Tag Archives: trust

Week 5: Isolation Journal (I carry you in my heart…)

here is the deepest secret nobody knows
(here is the root of the root and the bud of the bud
and the sky of the sky of a tree called life; which grows
higher than soul can hope or mind can hide)
and this is the wonder that’s keeping the stars apart

i carry your heart (i carry it in my heart)
– e. e. cummings

IMG_0449I had some intense sadness this week…hurt feelings for a moment put a “crack” into my shell that allowed sadness to well out and spill over. I tended to my hurting heart in gentle ways, but really only set it aside.

Most of the week I’ve been ricocheting off the floors, ceiling and walls in a sort of empty-headed routine (getting very little done, I might add). Best moments include Tuesday’s soul collage session with my friend by phone. I had trouble coming into focus long enough to pick images I resonated with – but eventually got momentum, scissors and glue were employed, and finished cards began to appear in front of me.

Each day this week has included a walk – usually 3-4 miles, one day near 5 miles. Today will be a lazy day to give my heel a short break. The weather is warming so we now go later and later in the day. Soon it will become early and earlier to catch the cool morning air. We are looking forward to the switch but we aren’t quite ready. We have seen deer, lizards, bunnies and quail galore, a few coyotes at home, and the occasional javelina.

I must confess that social distancing with humans while walking is an imperfect art. We are not crowded here by any means, but John and I take the distance rules seriously – and we walk in the bike lane or cross the road as needed. There are spots on the route where this becomes challenging maybe once or twice per walk. I must write this up to, “we’re all doing our best” or else I would complain about my neighbors’ awareness or lack thereof. It has, for the most part, done away with the friendly social component of the neighborhood walk except for a wave here and there. There’s a certain tension one senses even in those speeding by as runners or cruising past at high speeds on bikes.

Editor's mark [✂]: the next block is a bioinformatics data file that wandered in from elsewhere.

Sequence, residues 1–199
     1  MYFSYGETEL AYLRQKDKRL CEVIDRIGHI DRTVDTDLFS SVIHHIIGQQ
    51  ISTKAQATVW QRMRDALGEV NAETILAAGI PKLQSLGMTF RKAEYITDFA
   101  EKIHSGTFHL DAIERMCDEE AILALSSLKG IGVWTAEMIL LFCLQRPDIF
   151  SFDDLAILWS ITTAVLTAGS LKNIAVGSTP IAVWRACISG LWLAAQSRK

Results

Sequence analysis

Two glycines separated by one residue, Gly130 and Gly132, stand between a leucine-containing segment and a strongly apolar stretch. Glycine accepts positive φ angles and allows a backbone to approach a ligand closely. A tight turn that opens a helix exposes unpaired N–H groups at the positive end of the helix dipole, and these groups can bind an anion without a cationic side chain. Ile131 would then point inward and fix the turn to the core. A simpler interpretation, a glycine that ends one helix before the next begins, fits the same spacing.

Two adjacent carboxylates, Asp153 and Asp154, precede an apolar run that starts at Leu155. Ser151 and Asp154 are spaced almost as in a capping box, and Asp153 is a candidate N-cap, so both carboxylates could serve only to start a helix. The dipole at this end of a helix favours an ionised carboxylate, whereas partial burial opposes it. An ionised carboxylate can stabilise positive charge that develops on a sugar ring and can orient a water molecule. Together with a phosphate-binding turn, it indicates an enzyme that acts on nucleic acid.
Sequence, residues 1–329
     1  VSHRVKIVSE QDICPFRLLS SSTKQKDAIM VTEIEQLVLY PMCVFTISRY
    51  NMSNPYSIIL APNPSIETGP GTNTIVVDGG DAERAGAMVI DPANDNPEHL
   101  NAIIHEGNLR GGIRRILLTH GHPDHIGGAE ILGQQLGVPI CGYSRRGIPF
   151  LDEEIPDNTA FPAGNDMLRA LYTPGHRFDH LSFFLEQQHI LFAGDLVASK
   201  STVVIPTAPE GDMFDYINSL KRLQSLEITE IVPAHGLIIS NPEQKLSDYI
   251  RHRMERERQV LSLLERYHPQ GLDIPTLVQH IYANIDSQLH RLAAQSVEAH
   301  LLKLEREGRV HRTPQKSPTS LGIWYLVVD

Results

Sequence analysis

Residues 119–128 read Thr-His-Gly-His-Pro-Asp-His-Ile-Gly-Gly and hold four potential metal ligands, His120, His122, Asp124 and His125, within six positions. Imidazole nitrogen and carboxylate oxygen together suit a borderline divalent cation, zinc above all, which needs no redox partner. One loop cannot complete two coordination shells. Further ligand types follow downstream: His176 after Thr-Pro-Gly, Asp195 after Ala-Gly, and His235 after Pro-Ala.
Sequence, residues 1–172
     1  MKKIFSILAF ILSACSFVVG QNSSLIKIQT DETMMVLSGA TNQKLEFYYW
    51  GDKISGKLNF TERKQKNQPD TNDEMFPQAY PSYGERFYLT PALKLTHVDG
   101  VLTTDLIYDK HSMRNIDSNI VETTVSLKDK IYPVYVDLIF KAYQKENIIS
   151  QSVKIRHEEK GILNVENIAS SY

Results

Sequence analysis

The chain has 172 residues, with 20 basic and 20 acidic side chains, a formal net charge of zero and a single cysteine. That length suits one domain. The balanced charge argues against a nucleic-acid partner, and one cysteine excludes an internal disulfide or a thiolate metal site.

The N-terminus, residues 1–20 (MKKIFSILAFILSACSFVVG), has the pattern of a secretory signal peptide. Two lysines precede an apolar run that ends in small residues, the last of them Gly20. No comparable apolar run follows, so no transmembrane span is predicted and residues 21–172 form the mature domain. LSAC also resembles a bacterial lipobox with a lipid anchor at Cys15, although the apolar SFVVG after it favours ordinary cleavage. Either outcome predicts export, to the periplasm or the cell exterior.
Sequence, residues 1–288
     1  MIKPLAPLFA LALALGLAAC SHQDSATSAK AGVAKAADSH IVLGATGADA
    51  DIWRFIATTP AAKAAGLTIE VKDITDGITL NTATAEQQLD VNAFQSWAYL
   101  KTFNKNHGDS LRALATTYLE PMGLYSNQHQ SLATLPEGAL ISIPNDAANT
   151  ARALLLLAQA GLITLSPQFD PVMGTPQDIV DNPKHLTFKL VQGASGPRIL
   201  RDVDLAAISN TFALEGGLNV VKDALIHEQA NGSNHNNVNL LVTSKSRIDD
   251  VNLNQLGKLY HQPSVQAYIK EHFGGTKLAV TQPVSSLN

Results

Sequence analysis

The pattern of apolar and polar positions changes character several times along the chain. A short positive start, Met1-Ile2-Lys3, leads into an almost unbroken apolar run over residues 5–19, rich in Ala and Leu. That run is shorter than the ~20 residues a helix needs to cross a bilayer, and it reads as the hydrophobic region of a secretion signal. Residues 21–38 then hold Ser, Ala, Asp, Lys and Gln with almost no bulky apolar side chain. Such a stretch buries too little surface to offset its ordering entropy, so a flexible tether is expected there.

Wednesday we had a grocery delivery and it was so exciting. I told John that I get a little flutter in my heart seeing fresh raspberries, strawberries, and red bell peppers. He said, “You need to get out more.” Then added, “We all do.” Anyway, I thoroughly enjoyed the bathing of groceries and gently tucking them each into their places in the pantry, cupboard or refrigerator.

IMG_0460I completely forgot to mention that Sunday was Easter and Monday was my birthday. Monday, I was showered with greetings and attention from beloved family and friends all day long. On Easter, I had spent the day doing church with friends from Colorado (via Zoom). We got to see the Easter happiness of the grandkids during video calls. Easter afternoon included a tasty meal and lots of Minecraft with two granddaughters, and an hour of chit chat with the youngest.

Anyway, on my b-day, my sister sent me a beautiful succulent plant via the florist. Who knew that florists were vital workers? Very cool. Homemade and virtual cards from the grandkids and a special Lord of the Rings birthday card from my daughters now adorn the house and my various “altars.” I hate to say that the highlight of the day from a material celebration standpoint was the delivery of some pizza (gluten and dairy-free for me), but it was like I was on a reality TV survival show and had just found a stash of the most delectable food. I wolfed it down at first, then paused to savor realizing that I might not see this again for some time. It was like a tangible connection to “normal” life for which I was starved.